Words by Sean Moeller, Illustration by Johnnie Cluney, Sound engineering by Mike Gentry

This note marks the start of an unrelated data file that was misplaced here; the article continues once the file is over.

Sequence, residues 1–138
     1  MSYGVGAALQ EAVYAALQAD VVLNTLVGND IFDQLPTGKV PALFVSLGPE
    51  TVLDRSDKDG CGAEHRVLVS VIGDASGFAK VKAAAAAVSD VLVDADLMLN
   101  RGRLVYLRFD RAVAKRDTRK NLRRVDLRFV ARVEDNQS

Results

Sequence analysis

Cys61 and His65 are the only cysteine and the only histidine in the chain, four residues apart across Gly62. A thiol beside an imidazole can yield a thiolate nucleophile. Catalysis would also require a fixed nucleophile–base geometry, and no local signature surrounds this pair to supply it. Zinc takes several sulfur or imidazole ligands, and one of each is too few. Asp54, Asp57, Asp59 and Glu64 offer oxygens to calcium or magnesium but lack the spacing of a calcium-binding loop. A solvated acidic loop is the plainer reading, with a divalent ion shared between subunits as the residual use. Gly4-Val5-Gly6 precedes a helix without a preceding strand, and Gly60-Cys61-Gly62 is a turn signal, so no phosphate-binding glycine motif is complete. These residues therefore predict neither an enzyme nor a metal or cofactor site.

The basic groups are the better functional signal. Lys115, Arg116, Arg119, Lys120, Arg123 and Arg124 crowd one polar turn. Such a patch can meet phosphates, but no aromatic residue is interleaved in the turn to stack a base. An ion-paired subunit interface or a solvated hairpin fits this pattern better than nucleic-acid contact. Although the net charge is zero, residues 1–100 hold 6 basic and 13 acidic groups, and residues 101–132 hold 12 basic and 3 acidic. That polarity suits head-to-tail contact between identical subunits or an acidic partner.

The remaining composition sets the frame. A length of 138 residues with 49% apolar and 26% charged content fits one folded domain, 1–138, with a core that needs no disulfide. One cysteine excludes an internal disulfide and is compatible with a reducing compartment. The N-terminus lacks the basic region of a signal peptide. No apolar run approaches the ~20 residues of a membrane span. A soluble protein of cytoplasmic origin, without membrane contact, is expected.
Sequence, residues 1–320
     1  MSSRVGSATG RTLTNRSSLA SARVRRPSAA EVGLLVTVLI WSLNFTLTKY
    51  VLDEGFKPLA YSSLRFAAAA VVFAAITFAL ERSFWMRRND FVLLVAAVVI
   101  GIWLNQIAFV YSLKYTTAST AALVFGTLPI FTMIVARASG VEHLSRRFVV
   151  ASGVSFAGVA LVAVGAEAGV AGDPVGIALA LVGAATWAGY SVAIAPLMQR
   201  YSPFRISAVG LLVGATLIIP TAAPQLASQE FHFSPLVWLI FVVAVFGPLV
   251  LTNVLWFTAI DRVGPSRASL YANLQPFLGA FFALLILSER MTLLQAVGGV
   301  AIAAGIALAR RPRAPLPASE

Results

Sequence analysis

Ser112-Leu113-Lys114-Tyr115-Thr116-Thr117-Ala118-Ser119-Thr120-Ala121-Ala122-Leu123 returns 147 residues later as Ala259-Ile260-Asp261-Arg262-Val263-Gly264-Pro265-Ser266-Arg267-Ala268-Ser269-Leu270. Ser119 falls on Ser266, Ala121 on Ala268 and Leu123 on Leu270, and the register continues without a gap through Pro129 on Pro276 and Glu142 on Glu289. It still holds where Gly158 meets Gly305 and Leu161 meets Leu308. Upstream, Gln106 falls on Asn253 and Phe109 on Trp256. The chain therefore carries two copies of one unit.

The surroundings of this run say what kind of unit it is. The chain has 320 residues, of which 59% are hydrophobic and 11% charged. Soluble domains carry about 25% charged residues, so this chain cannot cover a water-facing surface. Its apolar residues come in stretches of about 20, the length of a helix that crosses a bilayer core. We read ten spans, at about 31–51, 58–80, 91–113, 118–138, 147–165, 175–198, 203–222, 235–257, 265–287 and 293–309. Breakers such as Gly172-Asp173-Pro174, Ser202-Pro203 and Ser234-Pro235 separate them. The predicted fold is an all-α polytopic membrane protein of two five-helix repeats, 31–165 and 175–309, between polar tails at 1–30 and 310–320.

Even a number of months since Danny Barnes' taping of this particular session, none of us are all that certain we know what to make of what he did in the live room at Big Orange in March, nor where his music belongs in any kind of discussion set on classification. It is odd and quirky, the efforts of a guy who has admittedly had a bit of a fetish for sounds for the last 36 years of his life. The former Bad Livers founder is a man who sounds like a mad scientist channeling Les Claypool, George Jones, Beck and the Sun City Girls to make an art project that's like throwing a bunch of glue onto a piece of construction paper and then just sticking parts and pieces to it - glitter, edges of doilies, ribbons, feathers, dye, cotton balls - to make something that has no explanation. Even without an explanation in a tactile or constructive sense, don't be fooled into thinking that there's no structure to a Danny Barnes song, for there's considerable thought put into all of his arrangements - and that's precisely we all still aren't exactly sure what he was doing when we met him in Austin of this year. It was some crazy playtime that stimulated the parts in Barnes' musical brain that created the songs in the first place - here experimenting with them by using some techno gadgets that instantly got his juices flowing. A tall gentleman who prefers to be at home in Port Hadlock, Washington, with his wife, his many books and his musical toys, Barnes writes songs that cannot be played the same way twice. One of these reasons is because they just can't be - the impossibility of it - and the other is because it seems as if Barnes wouldn't allow it to happen as that would bring him little, if any stimulation. His drive, with his banjo, and with these songs that find new paces and tangents every time they're let out of their rooms, is to challenge them into becoming something less recognizable than they were before. It's not a scrambling, just a change in identity for them, an alteration to their features and the ways that they're presented, giving them latitude to be mysterious, while still sounding like the weirdest bluegrass-hip-hop-beat music that you're likely ever to hear.